Signature: (data(o,v); cluster(o,c); float+ [o]m(c,v); float+ [o]ss(c,v))

       Takes data dim [obs x var] and mask dim [obs x cluster], returns mean and ss (ms when data
       contains bad values) dim [cluster x var], using data where mask == 1. Multiple cluster
       membership for an obs is okay. If a cluster is empty all means and ss are set to zero for
       that cluster.

             # data is 10 obs x 3 var
           perldl> p $d = sequence 10, 3
           [
            [ 0  1  2  3  4  5  6  7  8  9]
            [10 11 12 13 14 15 16 17 18 19]
            [20 21 22 23 24 25 26 27 28 29]
           ]
             # create two clusters by value on 1st var
           perldl> p $a = $d( ,(0)) <= 5
           [1 1 1 1 1 1 0 0 0 0]

           perldl> p $b = $d( ,(0)) > 5
           [0 0 0 0 0 0 1 1 1 1]

           perldl> p $c = cat $a, $b
           [
            [1 1 1 1 1 1 0 0 0 0]
            [0 0 0 0 0 0 1 1 1 1]
           ]

           perldl> p $d->centroid($c)
             # mean for 2 cluster x 3 var
           [
            [ 2.5  7.5]
            [12.5 17.5]
            [22.5 27.5]
           ]
             # ss for 2 cluster x 3 var
           [
            [17.5    5]
            [17.5    5]
            [17.5    5]
           ]

       centroid processes bad values.  It will set the bad-value flag of all output piddles if
       the flag is set for any of the input piddles.

   kmeans
       Implements classic k-means cluster analysis. Given a number of observations with values on
       a set of variables, kmeans puts the observations into clusters that maximizes within-
       cluster similarity with respect to the variables. Tries several different random seeding
       and clustering in parallel. Stops when cluster assignment of the observations no longer
       changes. Returns the best result in terms of R2 from the random-seeding trials.

       Instead of random seeding, kmeans also accepts manual seeding. This is done by providing a
       centroid to the function, in which case clustering will proceed from the centroid and
       there is no multiple tries.

       There are two distinct advantages from seeding with a centroid compared to seeding with
       predefined cluster membership of a subset of the observations ie "seeds",

       (1) a centroid could come from a previous study with a different set of observations;

       (2) a centroid could even be "fictional", or in more proper parlance, an idealized
       prototype with respect to the actual data. For example, if there are 10 person's ratings
       of 1 to 5 on 4 movies, ie a ratings pdl of dim [10 obs x 4 var], providing a centroid like

         [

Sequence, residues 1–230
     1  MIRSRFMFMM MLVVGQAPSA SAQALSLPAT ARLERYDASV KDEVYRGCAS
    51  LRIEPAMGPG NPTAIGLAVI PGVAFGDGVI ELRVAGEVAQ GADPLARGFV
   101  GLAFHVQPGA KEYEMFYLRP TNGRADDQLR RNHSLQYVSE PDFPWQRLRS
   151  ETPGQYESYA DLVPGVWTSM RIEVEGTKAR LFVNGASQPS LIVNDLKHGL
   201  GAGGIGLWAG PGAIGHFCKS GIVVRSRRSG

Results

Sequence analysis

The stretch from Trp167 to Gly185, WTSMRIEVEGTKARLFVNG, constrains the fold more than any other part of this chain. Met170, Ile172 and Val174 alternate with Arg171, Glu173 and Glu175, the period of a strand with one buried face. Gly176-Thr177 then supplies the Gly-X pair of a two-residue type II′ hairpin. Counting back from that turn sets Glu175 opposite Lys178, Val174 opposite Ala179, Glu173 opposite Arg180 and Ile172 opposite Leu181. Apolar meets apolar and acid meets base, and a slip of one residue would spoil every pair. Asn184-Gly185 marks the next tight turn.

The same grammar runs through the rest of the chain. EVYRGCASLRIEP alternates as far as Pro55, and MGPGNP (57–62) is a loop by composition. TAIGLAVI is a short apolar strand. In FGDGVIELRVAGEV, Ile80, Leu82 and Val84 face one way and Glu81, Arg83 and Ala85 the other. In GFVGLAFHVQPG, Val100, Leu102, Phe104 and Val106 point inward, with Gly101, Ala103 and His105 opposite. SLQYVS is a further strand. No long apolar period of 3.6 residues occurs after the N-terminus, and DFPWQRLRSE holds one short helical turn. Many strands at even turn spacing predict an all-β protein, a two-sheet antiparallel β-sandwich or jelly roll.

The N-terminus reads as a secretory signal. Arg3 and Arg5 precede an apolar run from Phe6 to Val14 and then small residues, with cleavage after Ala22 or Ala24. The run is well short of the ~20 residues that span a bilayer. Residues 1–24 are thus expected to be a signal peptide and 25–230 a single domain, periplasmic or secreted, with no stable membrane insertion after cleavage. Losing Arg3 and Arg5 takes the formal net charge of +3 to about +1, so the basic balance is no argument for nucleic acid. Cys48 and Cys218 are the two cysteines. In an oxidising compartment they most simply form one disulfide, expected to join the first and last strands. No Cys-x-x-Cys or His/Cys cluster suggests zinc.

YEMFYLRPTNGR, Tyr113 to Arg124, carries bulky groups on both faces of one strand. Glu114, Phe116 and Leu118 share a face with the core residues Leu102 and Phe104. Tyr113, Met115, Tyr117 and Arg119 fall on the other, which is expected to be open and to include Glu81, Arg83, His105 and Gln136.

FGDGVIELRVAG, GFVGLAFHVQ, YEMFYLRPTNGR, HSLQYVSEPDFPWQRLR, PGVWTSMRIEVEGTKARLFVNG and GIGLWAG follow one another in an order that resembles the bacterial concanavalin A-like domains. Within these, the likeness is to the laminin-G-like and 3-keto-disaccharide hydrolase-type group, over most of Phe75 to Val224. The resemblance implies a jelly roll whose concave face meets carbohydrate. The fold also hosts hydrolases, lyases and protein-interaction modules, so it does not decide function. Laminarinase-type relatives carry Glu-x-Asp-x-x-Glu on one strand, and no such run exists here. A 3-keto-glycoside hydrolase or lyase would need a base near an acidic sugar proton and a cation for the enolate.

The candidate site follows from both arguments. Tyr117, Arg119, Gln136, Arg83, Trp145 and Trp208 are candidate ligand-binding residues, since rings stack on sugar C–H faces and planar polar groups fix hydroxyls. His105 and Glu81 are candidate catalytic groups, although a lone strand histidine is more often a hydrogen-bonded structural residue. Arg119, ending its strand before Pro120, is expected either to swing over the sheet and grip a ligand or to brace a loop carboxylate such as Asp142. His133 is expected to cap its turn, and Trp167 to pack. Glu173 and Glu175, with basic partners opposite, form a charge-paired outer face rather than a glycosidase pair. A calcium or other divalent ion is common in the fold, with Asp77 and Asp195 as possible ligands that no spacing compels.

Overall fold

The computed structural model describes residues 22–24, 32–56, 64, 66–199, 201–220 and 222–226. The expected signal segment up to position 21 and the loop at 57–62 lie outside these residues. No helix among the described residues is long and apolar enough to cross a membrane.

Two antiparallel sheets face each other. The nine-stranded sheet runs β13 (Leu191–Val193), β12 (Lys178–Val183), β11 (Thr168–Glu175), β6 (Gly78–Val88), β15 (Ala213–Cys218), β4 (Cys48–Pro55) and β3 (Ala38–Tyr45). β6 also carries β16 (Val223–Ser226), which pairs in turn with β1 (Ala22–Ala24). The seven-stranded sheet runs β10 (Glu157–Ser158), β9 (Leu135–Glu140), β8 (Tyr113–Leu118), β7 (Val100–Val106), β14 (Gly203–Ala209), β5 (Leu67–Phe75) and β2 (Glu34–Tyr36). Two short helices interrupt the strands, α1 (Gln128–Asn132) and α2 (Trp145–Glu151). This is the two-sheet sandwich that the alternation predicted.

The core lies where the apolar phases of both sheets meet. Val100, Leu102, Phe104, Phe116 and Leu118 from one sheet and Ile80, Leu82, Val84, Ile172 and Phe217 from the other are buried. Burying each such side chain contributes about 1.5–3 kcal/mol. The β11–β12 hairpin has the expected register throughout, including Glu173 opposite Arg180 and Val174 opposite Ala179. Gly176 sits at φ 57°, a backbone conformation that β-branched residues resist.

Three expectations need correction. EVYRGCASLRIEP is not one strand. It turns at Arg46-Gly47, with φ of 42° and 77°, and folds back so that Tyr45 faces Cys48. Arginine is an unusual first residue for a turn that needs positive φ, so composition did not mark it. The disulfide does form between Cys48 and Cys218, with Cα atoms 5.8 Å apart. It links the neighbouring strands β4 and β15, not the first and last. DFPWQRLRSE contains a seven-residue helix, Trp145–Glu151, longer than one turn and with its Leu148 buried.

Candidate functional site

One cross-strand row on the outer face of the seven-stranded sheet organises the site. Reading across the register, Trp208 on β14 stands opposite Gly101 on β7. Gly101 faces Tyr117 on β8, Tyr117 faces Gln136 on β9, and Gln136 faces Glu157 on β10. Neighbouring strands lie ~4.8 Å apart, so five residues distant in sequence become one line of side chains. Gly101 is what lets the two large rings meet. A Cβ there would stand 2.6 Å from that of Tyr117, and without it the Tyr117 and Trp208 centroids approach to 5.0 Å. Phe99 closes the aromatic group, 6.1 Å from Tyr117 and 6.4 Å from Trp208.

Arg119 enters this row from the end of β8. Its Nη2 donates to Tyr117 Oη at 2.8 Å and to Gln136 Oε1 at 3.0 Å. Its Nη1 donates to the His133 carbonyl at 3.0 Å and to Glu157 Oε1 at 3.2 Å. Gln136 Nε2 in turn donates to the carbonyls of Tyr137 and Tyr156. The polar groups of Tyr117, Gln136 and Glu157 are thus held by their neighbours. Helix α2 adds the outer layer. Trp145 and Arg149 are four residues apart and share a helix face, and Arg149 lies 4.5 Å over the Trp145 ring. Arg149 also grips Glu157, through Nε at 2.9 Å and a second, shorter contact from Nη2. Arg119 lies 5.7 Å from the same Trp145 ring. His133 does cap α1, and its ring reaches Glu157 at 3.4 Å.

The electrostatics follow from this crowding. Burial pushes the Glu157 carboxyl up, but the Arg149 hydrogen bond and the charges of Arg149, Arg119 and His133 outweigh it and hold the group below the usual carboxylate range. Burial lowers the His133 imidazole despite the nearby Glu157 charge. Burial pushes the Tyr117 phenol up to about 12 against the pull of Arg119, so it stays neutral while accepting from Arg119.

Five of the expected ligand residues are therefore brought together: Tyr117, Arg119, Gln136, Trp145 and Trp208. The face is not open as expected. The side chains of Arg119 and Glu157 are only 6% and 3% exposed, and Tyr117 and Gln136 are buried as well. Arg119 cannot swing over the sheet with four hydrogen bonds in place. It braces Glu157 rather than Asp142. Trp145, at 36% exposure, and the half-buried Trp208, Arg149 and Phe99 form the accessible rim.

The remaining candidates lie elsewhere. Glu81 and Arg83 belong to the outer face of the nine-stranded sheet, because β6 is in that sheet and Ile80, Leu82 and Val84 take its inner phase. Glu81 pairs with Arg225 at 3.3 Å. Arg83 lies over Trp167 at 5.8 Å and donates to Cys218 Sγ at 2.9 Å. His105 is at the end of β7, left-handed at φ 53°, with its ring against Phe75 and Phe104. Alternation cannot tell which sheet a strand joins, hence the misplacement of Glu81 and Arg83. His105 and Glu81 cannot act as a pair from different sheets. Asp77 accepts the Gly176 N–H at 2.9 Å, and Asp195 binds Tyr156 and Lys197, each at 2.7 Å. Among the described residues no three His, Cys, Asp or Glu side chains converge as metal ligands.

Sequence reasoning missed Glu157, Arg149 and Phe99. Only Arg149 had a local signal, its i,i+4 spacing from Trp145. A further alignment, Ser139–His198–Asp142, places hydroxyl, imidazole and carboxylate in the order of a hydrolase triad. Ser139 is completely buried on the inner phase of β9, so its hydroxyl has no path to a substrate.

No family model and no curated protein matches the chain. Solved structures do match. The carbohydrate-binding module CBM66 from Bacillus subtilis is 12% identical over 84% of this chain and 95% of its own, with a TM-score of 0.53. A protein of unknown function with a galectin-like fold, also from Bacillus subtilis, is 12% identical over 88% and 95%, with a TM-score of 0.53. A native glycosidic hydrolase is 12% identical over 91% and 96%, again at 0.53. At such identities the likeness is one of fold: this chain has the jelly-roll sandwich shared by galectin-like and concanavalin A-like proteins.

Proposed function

[5 0 0 0]
          [0 5 0 0]
          [0 0 5 0]
          [0 0 0 5]
         ]

       will produce 4 clusters of people with each cluster favoring a different one of the 4
       movies. Clusters from an idealized centroid may not give the best result in terms of R2,
       but they sure are a lot more interpretable.

       If clustering has to be done from predefined clusters of seeds, simply calculate the
       centroid using the centroid function and feed it to kmeans,

         my ($centroid, $ss) = $rating($iseeds, )->centroid( $seeds_cluster );

         my %k = $rating->kmeans( { CNTRD=>$centroid } );

       kmeans supports bad value*.

       Default options (case insensitive):

         V     => 1,         # prints simple status
         FULL  => 0,         # returns results for all seeding trials

         CNTRD => PDL->null, # optional. pdl [clu x var]. disables next 3 opts

         NTRY  => 5,         # num of random seeding trials
         NSEED => 1000,      # num of initial seeds, use NSEED up to max obs
         NCLUS => 3,         # num of clusters

       Usage:

         # suppose we have 4 person's ratings on 5 movies

         perldl> p $rating = ceil( random(4, 5) * 5 )
         [
          [3 2 2 3]
          [2 4 5 4]
          [5 3 2 3]
          [3 3 1 5]
          [4 3 3 2]
         ]

         # we want to put the 4 persons into 2 groups

         perldl> %k = $rating->kmeans( {NCLUS=>2} )

         # by default prints back options used
         # as well as info for all tries and iterations

         CNTRD => Null
         FULL  => 0
         NCLUS => 2
         NSEED => 4
         NTRY  => 5
         V     => 1
         ss total:     20.5
         iter 0 R2 [0.024390244 0.024390244 0.26829268  0.4796748  0.4796748]
         iter 1 R2 [0.46341463 0.46341463  0.4796748  0.4796748  0.4796748]

         perldl> p "$_\t$k{$_}\n" for (sort keys %k)

         R2      0.479674796747968